Podium: A new declaration of human rights

From a speech by the Independent Labour MEP to the New European Left Forum in Athens
Click to follow
The Independent Culture
EXACTLY 50 years ago, on 10 December 1948, the United Nations General Assembly voted in favour of the Universal Declaration of Human Rights.

Most of the Articles agreed in 1948 bear the stamp of the horrendous experience of the Second World War, where personal rights were systematically infringed: but they also carry the imprint of the economic adversities leading up to that war, when mass unemployment reduced whole populations to misery, and denied hope to an entire generation. Thus there arose, in many countries at the same time, powerful movements for guaranteed social security, full employment and minimum economic rights.

These movements were sufficiently influential to mark the thinking of those who drafted the Universal Declaration. They were not, however, sufficient to secure its implementation. When he was asked what he thought of Western civilisation, Mahatma Gandhi replied: "It would be a good idea".

Human rights, as established in the American Constitution and in the French Declaration of the Rights of Man, included the right to hold property. The rights which such ownership carry are still subject to continual modification. Planning laws, for instance, have greatly restricted the power to "do as we will with our own". Taxation can in principle erode or even annul such rights.

But the fundamental objection of socialists to this "right" remains: the concentration of property deprives non-property-owners of the "right" to hold property. A long history of dispossession marks the formation of all modern societies. Numerous expedients have been devised from time to time with the intention of opening up the question of ownership, and widening property rights. But, globally, these have failed.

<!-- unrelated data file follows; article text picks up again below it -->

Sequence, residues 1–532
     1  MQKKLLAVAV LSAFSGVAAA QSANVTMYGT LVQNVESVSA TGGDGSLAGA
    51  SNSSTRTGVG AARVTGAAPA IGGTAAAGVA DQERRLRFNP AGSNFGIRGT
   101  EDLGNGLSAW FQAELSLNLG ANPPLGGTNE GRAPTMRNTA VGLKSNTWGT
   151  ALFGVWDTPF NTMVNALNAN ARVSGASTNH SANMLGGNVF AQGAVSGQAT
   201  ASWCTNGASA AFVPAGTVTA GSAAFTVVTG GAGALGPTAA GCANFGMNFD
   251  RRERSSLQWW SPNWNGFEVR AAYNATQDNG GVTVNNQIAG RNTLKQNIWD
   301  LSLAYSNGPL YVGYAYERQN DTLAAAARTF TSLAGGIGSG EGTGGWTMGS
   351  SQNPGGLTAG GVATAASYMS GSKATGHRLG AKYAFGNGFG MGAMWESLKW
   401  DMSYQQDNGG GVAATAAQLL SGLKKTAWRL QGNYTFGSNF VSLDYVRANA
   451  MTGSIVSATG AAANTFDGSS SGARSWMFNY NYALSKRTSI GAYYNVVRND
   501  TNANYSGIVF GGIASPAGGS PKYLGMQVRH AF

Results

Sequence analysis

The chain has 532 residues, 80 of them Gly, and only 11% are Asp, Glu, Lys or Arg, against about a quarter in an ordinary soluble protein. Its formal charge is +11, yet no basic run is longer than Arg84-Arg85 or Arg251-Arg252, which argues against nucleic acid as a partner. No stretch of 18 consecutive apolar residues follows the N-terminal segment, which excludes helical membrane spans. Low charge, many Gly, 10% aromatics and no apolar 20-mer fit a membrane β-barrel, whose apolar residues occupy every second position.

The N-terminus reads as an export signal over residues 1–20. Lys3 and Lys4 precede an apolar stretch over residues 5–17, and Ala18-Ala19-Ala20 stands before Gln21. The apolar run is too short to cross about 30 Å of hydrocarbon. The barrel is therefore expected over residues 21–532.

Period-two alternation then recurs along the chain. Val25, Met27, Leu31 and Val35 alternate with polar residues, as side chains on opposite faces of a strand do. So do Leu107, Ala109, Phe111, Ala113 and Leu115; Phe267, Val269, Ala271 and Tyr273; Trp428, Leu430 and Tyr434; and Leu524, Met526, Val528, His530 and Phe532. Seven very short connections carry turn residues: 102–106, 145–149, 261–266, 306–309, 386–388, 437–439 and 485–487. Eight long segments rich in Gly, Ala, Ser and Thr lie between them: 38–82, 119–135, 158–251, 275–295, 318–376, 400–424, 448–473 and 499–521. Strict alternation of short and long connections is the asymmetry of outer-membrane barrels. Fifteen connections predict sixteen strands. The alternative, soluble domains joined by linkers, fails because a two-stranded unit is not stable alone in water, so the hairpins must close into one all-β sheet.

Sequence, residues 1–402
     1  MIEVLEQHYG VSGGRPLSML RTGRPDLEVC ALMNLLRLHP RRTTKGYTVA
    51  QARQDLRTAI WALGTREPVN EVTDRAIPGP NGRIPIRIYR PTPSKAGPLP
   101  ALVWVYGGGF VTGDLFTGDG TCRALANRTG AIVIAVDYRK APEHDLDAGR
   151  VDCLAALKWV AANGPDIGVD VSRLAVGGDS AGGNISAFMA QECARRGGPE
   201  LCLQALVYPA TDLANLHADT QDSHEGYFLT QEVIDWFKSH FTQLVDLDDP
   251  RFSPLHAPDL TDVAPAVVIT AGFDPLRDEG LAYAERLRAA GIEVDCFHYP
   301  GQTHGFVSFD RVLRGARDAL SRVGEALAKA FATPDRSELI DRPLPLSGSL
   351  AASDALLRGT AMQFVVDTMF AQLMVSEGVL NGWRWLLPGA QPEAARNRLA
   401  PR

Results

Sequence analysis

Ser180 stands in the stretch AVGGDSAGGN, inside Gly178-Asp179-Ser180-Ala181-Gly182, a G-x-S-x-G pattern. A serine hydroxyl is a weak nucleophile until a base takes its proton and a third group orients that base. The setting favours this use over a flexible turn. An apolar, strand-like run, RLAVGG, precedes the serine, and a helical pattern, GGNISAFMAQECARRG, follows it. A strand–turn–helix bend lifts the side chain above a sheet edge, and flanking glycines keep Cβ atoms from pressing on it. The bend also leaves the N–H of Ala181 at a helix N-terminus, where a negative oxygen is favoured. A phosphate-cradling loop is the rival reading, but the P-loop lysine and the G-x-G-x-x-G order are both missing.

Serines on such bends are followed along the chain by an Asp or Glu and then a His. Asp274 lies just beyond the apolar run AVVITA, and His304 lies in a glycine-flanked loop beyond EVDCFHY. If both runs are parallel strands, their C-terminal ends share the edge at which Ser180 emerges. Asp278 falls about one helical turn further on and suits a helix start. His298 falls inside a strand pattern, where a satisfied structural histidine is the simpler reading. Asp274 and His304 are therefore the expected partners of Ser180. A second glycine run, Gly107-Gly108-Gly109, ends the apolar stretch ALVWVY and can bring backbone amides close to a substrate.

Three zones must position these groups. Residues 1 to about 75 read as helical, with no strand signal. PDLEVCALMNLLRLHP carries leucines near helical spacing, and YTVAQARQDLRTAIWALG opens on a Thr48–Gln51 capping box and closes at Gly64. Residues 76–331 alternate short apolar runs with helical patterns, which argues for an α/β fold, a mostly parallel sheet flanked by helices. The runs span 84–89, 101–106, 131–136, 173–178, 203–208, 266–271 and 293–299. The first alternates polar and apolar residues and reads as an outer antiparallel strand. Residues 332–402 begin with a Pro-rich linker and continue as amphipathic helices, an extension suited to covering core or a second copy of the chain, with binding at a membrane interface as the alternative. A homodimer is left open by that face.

The 225 richest people in the world have a combined wealth of more than a trillion dollars, which is equal to the annual income of the poorest 47 per cent of the world's people. (That is to say, 2.5 billion individuals). Fifteen billionaires have assets greater than the total national income of Africa south of the Sahara.

The United Nations Development Programme estimates that the cost of maintaining universal basic education, health care, reproductive health care for women, and adequate food and safe water, would be $40bn a year, or less than 4 per cent of the combined value of the holdings of the 225 richest people. We can be sure of one thing: this polarisation will continue, come hell or high water, come whatever crisis may fall on us. Why not raise a 40 per cent tax on precisely these 225 people, and simply meet the outstanding needs identified by the UN? In our present polity, the right to property for some has suffocated all the other rights of many.

Let us look at what the Universal Declaration was willing to tell us long ago in 1948 about the right to work, in Article 23: "Everyone has the right to work, to free choice of employment, to just and favourable conditions of work and to protection against unemployment".

It is noticeable that the Declaration speaks of "the right to work, not "full employment" which is the chosen name for this desired state in such contemporary publications as the preamble of the Treaty establishing the World Trade Organisation. "Full employment" defines a situation in which everyone is employed, and assumes a particular economic relationship as fundamental to the provision of work.

The unemployed have few rights, and these are being eroded daily, as the cost of subsistence for unemployed people bears in on national treasuries. Benefits are cut, and unemployed people are forced into ever deeper misery.

It is a depressing fact that we need to face, that unrivalled possibilities of technical progress are, in our world, combined with growing distress and the rejection of increasing masses of people, who try to subsist in poverty and unemployment. This record gives us little to celebrate on the 50th anniversary of the Universal Declaration, even though this document does us a service in that it reflects the hopes of our parents and allows us to measure the distance by which we fall behind those hopes.

A new declaration would have to insist that the real state of human rights may be understood by examining the extent of poverty and unemployment, as well as the numbers of political prisoners. The right to life itself is in jeopardy for many millions in the grip of poverty. And their right to a fulfilling social existence scarcely exists for the unemployed and those who are excluded in the miscalled "advanced" societies.

Comments